Love One Another
Topic: Serving Others
“In this is love, not that we loved God but that he loved us and sent his Son to be the expiation for our sins. Beloved, if God so loved us, we also ought to love one another.“
John the Apostle, born around 6 AD and living until approximately 100 AD, held a singular place among the Twelve Apostles of Jesus. Referred to as Ἰωάννης in the New Testament, he was often recognized as the youngest of the group. Born to Zebedee and either Salome or Joanna, John grew up in a family familiar with the rigors of life, as his father was a fisherman. His upbringing was shared with his brother James, who would also become one of the Twelve Apostles, illustrating that the call to divine love often runs deep in the soil of family connections.
John's spiritual narrative is deeply woven into the Christian tradition through the Book of John in the New Testament. Unlike the other Gospels, which often focus on external events and actions, John's Gospel dives into the deep waters of spiritual insight, capturing the essence of Jesus' teachings on love, unity, and divine-human relationship. This is the Gospel that gives us the intimate conversations between Jesus and his followers, as well as monumental statements about love such as John 3:16. His account exudes a nuanced understanding of Jesus' message, inviting us to consider not just the surface of the events but the underlying currents of love and interconnectedness that tie them all together.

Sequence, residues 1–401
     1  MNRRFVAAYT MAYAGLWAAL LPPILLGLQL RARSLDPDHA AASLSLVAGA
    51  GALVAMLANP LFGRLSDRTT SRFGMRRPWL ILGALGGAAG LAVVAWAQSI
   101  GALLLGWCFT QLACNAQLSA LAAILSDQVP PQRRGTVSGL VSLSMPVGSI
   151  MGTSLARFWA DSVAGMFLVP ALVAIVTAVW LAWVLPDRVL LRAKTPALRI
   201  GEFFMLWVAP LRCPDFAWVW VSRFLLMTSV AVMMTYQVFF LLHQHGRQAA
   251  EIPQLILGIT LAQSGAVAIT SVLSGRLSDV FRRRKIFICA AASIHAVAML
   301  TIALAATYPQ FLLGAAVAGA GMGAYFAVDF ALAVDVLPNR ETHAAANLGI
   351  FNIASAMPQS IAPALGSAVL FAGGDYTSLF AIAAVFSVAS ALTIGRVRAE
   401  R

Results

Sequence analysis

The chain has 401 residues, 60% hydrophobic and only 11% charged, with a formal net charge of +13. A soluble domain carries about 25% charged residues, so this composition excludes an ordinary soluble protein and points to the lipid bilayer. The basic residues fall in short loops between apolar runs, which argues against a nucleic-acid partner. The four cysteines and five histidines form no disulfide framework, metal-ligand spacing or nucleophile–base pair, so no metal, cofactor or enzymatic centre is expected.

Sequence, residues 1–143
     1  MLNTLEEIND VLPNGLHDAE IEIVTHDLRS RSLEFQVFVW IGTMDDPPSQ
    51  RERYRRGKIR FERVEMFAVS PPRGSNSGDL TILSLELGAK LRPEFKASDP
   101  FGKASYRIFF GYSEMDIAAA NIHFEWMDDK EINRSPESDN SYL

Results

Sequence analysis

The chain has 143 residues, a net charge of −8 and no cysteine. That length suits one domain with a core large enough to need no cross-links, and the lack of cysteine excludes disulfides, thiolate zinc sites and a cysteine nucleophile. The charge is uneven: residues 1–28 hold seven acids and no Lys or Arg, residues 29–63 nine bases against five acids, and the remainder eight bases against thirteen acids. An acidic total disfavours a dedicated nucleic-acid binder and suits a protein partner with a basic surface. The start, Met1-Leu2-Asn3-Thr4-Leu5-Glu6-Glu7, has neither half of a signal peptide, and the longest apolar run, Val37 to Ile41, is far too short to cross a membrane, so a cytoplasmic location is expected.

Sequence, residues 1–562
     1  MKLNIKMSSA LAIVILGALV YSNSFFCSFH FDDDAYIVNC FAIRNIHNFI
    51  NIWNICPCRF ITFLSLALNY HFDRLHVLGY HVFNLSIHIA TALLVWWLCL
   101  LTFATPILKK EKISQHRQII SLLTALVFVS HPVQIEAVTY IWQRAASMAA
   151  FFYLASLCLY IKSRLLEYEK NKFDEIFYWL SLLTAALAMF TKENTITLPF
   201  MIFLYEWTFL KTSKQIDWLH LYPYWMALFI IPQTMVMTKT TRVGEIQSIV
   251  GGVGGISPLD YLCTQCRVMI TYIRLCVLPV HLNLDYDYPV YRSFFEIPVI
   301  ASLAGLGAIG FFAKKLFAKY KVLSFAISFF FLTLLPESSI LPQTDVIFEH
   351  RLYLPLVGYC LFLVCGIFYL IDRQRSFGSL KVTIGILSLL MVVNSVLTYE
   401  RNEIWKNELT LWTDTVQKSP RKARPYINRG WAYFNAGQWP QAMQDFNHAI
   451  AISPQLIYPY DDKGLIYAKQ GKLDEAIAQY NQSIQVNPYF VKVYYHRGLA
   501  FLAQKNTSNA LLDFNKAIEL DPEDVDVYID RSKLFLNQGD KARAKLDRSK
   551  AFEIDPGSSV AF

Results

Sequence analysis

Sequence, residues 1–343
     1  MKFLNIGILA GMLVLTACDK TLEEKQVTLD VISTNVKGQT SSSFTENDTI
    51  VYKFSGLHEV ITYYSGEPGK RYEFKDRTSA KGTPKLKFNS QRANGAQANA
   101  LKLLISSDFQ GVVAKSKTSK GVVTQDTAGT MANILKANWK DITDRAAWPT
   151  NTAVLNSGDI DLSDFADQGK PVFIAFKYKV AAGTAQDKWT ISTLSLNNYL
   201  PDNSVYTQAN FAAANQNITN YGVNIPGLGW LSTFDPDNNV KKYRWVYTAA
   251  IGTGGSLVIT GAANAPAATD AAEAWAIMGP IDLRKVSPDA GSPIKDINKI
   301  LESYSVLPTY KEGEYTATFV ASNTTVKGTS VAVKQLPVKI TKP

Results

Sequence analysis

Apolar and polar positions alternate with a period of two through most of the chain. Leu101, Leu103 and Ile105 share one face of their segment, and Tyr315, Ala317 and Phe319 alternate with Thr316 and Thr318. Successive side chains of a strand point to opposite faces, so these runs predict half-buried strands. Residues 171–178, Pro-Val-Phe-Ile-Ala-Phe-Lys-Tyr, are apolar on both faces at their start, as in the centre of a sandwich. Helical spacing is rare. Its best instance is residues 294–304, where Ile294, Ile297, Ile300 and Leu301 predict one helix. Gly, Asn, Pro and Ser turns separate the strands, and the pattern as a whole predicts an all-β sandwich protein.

Yet, John's influence extends beyond the Gospel attributed to him. Tradition tells us that he lived a long life, outlasting all the other Apostles, and spent his later years in Ephesus. During this period, he is believed to have penned the three epistles of John and the Book of Revelation, writings that continue to inspire and challenge believers to this day. In these texts, John remains consistent in his focus on love as the central axis of human and divine interaction. His life and works stand as a testament to the enduring power of love to sustain, to enlighten, and to bring us into communion with the divine mystery.
The First Letter of John
Wilson, Andrew, editor. World Scripture II. Universal Peace Federation, 2011, p. 324 [1 John 4.10-11].
Copyright © 2017 – 2023 LuminaryQuotes.com About Us